Having a record (sometimes called meeting minutes) will help you and your team become more effective and productive during meetings. That's right—simple meeting minutes can help create a cycle of continuous improvement. The notes also hold the group accountable to use the meeting time effectively.
Meeting notes become especially valuable as time passes and you need to look something up. With even a basic note-taking habit, you’ll likely save yourself a lot of time and embarrassment at your company.
Left unchecked, meetings might kill your business. BUT—run with the right process, according to the right values, meetings also hold the potential to drive your success.
Meeting notes enable professional success.
By taking notes in meetings, you are potentially helping your career just as you’re making yourself more successful at work. When you share these notes with colleagues or your boss, well-written meeting notes establish you as an organized person and as a leader. Your notes show you know what is going on. They inspire professional confidence.
With so much on the line, taking (good) meeting notes can seem intimidating, but it doesn't have to be. All you need is a laptop or a notebook to start. (A meeting notes template may help, but we got you covered below.)
Below are some tips on organizing your meeting notes so they are brief, clear, and useful to readers.
There's nothing worse than spending an hour in a meeting and then afterward not being able to remember the important details because you didn’t record anything.
The opposite is just as bad. You wrote down everything that everyone said but didn’t engage in the most important discussions during the meeting.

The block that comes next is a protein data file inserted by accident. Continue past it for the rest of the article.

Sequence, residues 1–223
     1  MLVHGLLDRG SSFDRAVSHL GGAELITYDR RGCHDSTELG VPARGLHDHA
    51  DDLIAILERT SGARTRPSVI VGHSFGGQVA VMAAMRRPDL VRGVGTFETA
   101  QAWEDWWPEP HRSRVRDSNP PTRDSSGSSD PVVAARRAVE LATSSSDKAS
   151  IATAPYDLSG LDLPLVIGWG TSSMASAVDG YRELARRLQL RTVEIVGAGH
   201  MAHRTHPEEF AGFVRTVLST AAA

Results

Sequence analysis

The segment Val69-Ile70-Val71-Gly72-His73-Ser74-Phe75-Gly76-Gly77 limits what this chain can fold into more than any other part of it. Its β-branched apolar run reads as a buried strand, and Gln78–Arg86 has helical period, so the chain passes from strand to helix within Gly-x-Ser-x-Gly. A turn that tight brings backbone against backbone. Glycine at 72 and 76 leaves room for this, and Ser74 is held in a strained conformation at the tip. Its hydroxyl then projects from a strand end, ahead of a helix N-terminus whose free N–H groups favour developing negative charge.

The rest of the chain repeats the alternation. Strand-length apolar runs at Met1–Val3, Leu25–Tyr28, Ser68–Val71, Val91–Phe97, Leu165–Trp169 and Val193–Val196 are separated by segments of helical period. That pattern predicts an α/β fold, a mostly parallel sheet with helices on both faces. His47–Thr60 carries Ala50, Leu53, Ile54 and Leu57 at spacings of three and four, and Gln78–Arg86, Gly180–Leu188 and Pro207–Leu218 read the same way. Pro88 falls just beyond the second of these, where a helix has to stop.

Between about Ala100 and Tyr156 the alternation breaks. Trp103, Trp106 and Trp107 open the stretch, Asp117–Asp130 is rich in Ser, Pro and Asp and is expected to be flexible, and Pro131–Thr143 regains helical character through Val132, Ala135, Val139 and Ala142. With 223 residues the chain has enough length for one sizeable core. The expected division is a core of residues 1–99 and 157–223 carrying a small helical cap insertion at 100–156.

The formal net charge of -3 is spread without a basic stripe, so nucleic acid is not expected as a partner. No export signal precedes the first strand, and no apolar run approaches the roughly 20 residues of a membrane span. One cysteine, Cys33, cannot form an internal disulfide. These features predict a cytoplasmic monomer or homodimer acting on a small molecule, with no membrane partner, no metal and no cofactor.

But taking meeting notes / meeting minutes that people will actually use doesn’t have to be hard. Just follow a few easy practices.
Instead of starting from blank, copy the meeting agenda to provide structure to your notes.
Before the meeting starts, note who is there. Listing every participant in the room is less about attendance than it is about transparency. If someone who didn’t attend has concerns about a meeting decision, for example, having an attendee list ready will help you to recall who had a hand in making it.
There are really only three (3) takeaways you need to keep track of in your meeting notes
Write these down as they happen if possible.
If someone gives an update or presentation, resist the temptation to take detailed notes unless you know someone is missing the meeting but would need that information. For very important discussions, you may want to record each main point or what ideas are discussed (rather than the entire discussion).
Notes do not need to be a verbatim accounting of everything that happened.
They should, however, highlight what was accomplished, what responsibilities were given, and what decisions were made."
—From the book Vital Meetings
Stick to the key points. You’re likely to miss out on something important––like the group moving on without making a decision––if you try to capture everything word-for-word. When taking meeting notes, follow the Vital meetings framework and focus on what’s needed: decisions, outcomes, and action items.